I’m at a restaurant eating a meal by myself and the person at the next table keeps trying to engage me in conversation which I don’t want, asking me too many personal questions which I just don’t want to answer. After multiple evasion techniques I say, “I just want to eat quietly, thanks!”
It’s not that it’s wrong to say “please” and “thank you” in either of these situations. These words though, in this context, can take away from your power, your clarity, and your intention if they aren’t warranted. They almost disqualify what you are saying. Think about how much stronger your words would be if you don’t worry about being polite, taking care of someone else’s feelings, or being pleasing or demur.
Someone touches my butt and I say “Don’t do that!” Period.
To the person at the next table who’s not taking the hint and leaving me alone, I say, “I am not interested in a conversation right now.” Period.
We are looking at making sure you are “less selectable”, right? Bypassing the testing process and not being the one who is picked. Getting rid of these niceties can go a really long way towards strengthening your message and giving your words the backbone they deserve! You deserve!
There are a couple of other words to name. If Please and Thank you take first and second place, these two phrases get honorable mention.
Here are some examples:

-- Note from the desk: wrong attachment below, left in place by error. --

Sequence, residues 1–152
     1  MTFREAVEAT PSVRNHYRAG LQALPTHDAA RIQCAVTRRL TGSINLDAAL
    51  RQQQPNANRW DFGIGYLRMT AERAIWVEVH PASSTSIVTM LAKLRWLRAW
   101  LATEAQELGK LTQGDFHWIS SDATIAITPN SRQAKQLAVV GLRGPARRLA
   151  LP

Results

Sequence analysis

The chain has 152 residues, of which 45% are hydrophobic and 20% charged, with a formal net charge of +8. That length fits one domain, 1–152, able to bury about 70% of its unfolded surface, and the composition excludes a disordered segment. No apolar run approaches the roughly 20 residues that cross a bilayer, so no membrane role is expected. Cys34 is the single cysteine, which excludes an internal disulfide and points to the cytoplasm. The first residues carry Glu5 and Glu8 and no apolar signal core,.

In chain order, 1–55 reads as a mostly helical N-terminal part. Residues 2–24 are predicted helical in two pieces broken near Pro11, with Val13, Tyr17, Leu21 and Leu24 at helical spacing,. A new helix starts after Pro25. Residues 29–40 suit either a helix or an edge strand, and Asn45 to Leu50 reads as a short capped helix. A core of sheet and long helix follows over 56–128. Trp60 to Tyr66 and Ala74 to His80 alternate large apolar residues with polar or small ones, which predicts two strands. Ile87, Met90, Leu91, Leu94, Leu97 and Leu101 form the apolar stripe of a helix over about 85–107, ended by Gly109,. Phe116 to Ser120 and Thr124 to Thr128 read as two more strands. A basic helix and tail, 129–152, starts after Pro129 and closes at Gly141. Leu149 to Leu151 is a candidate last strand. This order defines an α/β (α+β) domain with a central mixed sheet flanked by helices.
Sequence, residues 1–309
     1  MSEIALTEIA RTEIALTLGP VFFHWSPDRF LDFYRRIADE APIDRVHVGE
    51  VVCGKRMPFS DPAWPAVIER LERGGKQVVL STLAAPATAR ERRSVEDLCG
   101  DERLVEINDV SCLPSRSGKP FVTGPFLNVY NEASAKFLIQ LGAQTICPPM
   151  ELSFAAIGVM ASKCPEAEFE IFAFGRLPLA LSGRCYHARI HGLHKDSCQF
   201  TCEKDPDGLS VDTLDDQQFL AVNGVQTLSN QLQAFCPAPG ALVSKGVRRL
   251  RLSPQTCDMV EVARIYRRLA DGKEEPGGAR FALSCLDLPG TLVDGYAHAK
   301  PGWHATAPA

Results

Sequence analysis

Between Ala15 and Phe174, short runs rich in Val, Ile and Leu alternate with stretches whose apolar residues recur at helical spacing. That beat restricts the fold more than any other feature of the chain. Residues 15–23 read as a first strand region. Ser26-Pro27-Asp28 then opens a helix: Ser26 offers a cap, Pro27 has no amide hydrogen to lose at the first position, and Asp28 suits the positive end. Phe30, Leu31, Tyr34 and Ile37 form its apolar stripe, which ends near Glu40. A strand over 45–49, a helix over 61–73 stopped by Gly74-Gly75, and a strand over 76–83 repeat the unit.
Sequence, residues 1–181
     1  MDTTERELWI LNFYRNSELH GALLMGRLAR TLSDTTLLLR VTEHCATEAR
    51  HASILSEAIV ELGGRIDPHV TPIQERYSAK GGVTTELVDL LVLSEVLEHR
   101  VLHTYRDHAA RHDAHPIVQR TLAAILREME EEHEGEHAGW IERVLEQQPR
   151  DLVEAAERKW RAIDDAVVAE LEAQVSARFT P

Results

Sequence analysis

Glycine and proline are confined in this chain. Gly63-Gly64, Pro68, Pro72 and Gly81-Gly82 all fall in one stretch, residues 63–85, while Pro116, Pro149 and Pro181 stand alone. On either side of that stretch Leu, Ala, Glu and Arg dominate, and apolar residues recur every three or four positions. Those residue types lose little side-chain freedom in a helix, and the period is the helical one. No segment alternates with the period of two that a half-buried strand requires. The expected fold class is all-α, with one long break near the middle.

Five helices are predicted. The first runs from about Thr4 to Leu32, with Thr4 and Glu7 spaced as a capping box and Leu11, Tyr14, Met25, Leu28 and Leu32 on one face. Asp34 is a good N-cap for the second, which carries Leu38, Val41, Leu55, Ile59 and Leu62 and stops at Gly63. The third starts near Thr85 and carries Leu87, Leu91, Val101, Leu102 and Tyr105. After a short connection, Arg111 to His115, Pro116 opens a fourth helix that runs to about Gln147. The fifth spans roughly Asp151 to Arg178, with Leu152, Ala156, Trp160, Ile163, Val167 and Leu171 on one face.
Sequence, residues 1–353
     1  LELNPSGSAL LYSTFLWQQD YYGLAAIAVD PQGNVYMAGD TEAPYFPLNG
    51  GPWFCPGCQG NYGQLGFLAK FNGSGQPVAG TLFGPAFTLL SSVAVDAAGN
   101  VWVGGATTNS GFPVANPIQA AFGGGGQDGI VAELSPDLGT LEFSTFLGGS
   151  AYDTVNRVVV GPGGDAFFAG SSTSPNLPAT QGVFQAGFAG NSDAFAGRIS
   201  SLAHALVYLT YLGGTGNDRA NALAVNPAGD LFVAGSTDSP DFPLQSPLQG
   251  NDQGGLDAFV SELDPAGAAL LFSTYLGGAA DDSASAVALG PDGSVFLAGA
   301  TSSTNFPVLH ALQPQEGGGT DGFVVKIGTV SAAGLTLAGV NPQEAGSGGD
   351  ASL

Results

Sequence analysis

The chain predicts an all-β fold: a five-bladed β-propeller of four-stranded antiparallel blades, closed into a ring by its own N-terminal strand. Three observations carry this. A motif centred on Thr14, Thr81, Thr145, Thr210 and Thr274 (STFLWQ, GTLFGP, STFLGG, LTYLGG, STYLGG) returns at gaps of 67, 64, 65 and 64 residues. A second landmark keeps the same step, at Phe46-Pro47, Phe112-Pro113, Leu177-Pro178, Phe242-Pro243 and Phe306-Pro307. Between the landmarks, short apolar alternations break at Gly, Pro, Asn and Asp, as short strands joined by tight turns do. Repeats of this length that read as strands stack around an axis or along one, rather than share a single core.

Someone touches my butt and my default is to say, “Excuse me!” As if it’s my fault!
Or the example at the restaurant with the person not getting the hint and I say “Oh! Sorry! I just don’t feel like talking right now. Sorry!” Yep, sometimes we even say it twice!
I hope you can hear that your message is much stronger when you don’t disqualify it with the polite, people-pleasing, and caretaking words and phrases. Again, it’s not that I’m recommending that you never use them. What I’m suggesting is that you employ them more consciously.
Don’t get me wrong, when you begin this process, IT WILL FEEL UNCOMFORTABLE! That does not mean it’s wrong. Or bad. What it means is that you are trying something new. You are being aware and making choices, noticing habits and deciding how you want to handle them! And if you are anything like me, it might take some time, but uncomfortable stretches you into empowerment! And THAT is very awesome and worth the trouble!
I like to warn my students: When you use verbal self-defense, EXPECT BLOWBACK. We’ve talked about this before too on this podcast. Chances are good that when you change your behavior or set a new boundary, you are going to get a reaction. Some (not all!) of the people in your life might not like it! If you always wash the dishes, put them away, and clean the kitchen, your roommates might be kinda pissy when you speak up and ask them to do their part. You will know who the healthy, emotionally balanced people are in your life because they will understand your new boundaries, or at the least, will be able to talk with you about them.
Let’s keep going and talk about verbal self-defense strategies…
This is a great strategy. This one changed my life. It takes a bit of practice to start to feel comfortable with it, but it’s worth it! It’s got some flexibility, you can do it a couple of different ways, and you can always, as with all the verbal strategies, use words that you would normally use. Put this stuff into language that feels right to you.